Tuesday, 17 February 2015

Glorious Feynard!

Review: Feynard

by Marc Secchia

Genre: Fantasy (Grand Fantasy, in all senses!)


Feynard is an uninhibited, fully realised grand fantasy and engages the reader in a wonderful, complex story. The land of Driadorn is under threat from a mysterious blight, and a saviour must be found.

Kevin Jenkins is the quintessential unlikely hero - weak, sickly, abused and hopeless. He spends his life in his room, or in the library of Pitterdown Manor with the books he loves, when he's not recuperating from being the family whipping boy. Sometimes he has strange dreams, and increasingly he dreams of a barefoot girl dressed in leaves. Then there's Great-grandmother Victoria's distinctly strange legacy...

Kevin finds himself in the world of Feynard, an invalid in the care of a honeybear (a healer named Zinfandir), a unicorn and a dryad, who seem to believe that he's some kind of warrior (ha ha). Feynard is in trouble, and someone needs to save the world. Kevin's focus is on wondering how long it will be before he dies of asthma without his pump.

The unicorn is Zephyr, intelligent, amusingly arrogant, and kind. The disturbingly attractive dryad is Alliathiune - whom Kevin irreverently calls "Thooney" when he gets drunk. Alliathiune seems to have the kind and gentle nature of a bramble bush, at least on first acquaintance. Then again, brambleberries are delicious! Among other notable character creatures is the large and endearing swamp Lurk from Mistral Bog nicknamed 'Snatcher'.

The world of Feynard is a wonderfully rich and original creation, which I felt was fully realised. There is a great diversity of lands and creatures, and of the kinds of magic that are used. Flora and fauna of Driadorn and elsewhere are referred to and described, casually or in detail, in a way that comes across as completely natural and as if of a world one has really visited. I find it hard to get across just how well developed every creature is. The dryads in particular, and the unicorns, are revealed in every facet of who and what they are: biology, society, magical abilities, lifestyle and character.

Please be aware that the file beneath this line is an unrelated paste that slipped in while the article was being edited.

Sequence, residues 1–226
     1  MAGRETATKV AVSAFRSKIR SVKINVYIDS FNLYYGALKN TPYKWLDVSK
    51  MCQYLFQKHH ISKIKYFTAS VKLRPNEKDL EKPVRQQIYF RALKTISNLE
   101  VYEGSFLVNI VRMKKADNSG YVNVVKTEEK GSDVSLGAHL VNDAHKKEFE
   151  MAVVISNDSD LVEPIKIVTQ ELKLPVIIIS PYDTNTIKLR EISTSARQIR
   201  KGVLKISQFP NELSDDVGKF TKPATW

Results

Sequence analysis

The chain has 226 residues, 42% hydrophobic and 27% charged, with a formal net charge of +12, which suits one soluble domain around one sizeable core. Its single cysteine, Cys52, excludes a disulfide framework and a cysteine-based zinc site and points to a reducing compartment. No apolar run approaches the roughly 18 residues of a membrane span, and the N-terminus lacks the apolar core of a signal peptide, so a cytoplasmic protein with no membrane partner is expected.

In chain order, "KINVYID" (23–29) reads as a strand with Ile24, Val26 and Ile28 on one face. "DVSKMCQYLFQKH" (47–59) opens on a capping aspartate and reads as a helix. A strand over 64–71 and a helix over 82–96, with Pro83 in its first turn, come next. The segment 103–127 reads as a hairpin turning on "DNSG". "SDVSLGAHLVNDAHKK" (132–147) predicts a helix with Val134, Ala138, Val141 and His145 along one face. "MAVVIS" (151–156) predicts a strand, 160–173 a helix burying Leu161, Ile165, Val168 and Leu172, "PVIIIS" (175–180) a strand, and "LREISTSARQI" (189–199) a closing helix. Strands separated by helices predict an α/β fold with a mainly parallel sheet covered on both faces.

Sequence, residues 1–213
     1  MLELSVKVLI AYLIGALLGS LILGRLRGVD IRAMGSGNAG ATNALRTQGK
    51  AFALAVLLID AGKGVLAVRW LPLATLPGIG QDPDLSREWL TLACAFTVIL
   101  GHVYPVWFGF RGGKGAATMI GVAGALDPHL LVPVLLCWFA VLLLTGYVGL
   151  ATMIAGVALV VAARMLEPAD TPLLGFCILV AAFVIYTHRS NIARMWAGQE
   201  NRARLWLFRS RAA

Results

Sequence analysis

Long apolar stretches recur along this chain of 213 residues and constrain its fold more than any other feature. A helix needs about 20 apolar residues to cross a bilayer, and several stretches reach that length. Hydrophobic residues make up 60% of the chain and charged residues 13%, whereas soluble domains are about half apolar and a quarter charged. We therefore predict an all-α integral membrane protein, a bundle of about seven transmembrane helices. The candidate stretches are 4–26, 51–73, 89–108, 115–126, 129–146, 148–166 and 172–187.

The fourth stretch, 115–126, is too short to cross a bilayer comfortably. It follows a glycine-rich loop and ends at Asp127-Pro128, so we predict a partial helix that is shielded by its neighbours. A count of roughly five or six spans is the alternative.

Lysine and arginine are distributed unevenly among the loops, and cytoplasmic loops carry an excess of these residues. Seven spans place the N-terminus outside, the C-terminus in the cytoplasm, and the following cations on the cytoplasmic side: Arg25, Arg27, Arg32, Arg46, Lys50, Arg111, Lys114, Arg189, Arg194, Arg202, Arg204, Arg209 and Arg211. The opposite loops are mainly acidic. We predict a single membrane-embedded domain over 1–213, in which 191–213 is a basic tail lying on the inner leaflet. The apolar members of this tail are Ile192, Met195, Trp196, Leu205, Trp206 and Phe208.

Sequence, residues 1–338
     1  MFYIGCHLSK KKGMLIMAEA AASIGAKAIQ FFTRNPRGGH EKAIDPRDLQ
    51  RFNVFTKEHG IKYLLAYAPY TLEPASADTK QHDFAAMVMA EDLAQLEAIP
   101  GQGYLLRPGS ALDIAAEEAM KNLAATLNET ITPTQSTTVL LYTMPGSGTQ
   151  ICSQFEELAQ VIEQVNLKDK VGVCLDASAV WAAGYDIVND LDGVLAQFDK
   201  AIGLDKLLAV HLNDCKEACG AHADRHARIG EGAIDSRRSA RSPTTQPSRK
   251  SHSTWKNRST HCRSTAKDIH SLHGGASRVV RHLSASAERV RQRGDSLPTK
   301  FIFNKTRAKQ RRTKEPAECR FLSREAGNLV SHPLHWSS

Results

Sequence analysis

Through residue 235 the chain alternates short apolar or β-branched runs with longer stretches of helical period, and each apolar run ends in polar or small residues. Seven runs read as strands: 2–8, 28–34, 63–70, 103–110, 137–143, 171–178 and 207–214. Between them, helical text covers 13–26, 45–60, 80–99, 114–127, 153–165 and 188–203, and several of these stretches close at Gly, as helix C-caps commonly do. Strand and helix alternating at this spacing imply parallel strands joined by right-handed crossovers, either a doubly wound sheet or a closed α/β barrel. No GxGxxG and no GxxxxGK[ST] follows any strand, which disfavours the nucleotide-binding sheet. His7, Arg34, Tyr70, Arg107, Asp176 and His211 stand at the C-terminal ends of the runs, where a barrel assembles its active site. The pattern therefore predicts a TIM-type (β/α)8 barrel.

The monsters are scary and their characters are almost as fully developed as those creatures of the 'good' side, with complex motives and their own plans and tactics. The good allies are also not simplistically depicted, and co-operation must sometimes be obtained in spite of divergent motives and priorities.

 The story offers grand fantasy adventure, daunting challenges and a complicated romance - very complicated, because humans and dryads, while related, are not the same species! This is an important part of the amazing - excuse me! - climax to the whole wonderfully complex tale.

Criticisms are hard to point out and frankly I don't really want to criticise this book because I loved it so much! However, I did notice that some character responses, rarely, are a little implausible. Snatcher's heartache, for example, is too readily healed. 
The writing, as always with Marc Secchia, flows well and is easy to read; however, in this book he uses a somewhat larger and more old-fashioned vocabulary than in his more recent books. I prefer this style which I feel is appropriate to the fantasy setting, and the editing seems flawless. 
The pace of the book is very good, although some may feel that the early parts drag a little, especially where Kevin is whining and feeling sorry for himself. Personally, I was very happy with the pace throughout, and hoped for a slightly slower ending - but perhaps that was because I was running out of book, and just didn't want it to end at all!

I have not read such a good fantasy book since Tolkien. Were I to compare this to something, it would be to Terry Pratchett's original Landover book: Magic Kingdom for Sale/Sold!, except that this is far bigger, better and more satisfying. I cannot understand why Feynard is not much more widely known except that, of course, it's Indie.

This is for anyone who loves fantasy - or even just likes it in a lukewarm sort of way. Get Feynard. Read Feynard. Love Feynard. Tell the world!

My thanks to Marc, who provided me with a free review copy for an honest and objective review.

Review: Romance in Four Seasons

by M. D. Gardner

Genre: Romance, Short Stories


Delight in Four Seasons

A delightful collection of four romantic cameos: the reader is surprised by Gardner's originality, delighted with the wit, wooed by the charm of each story and, most essentially, moved emotionally. In at least one case the being charmed by the story is wickedly deceptive; in another it's pleasurably satisfying.

The stories in order are: Bus Stop, The Big Four-O, Checkout and Ideal Match. I don't have a favourite, they're all good - but I must confess I needed a tissue at the end. Just one; I'm a man.

Gardner writes in a clean and subtle style; one is easily deceived into thinking the writing simple. Only when you consider the impact the author has had on the reader do you begin to realise how carefully the words have been put together. The editing is absolutely professional, although I feel that the quality of the current cover image is well below what the collection deserves.

If you enjoy romance, or good short stories, and especially if you'd like something other than the usual formulaic output of the big romance publishers, grab this one!

Currently Reading:

The Girl Who Sang with Whales

by Marc Secchia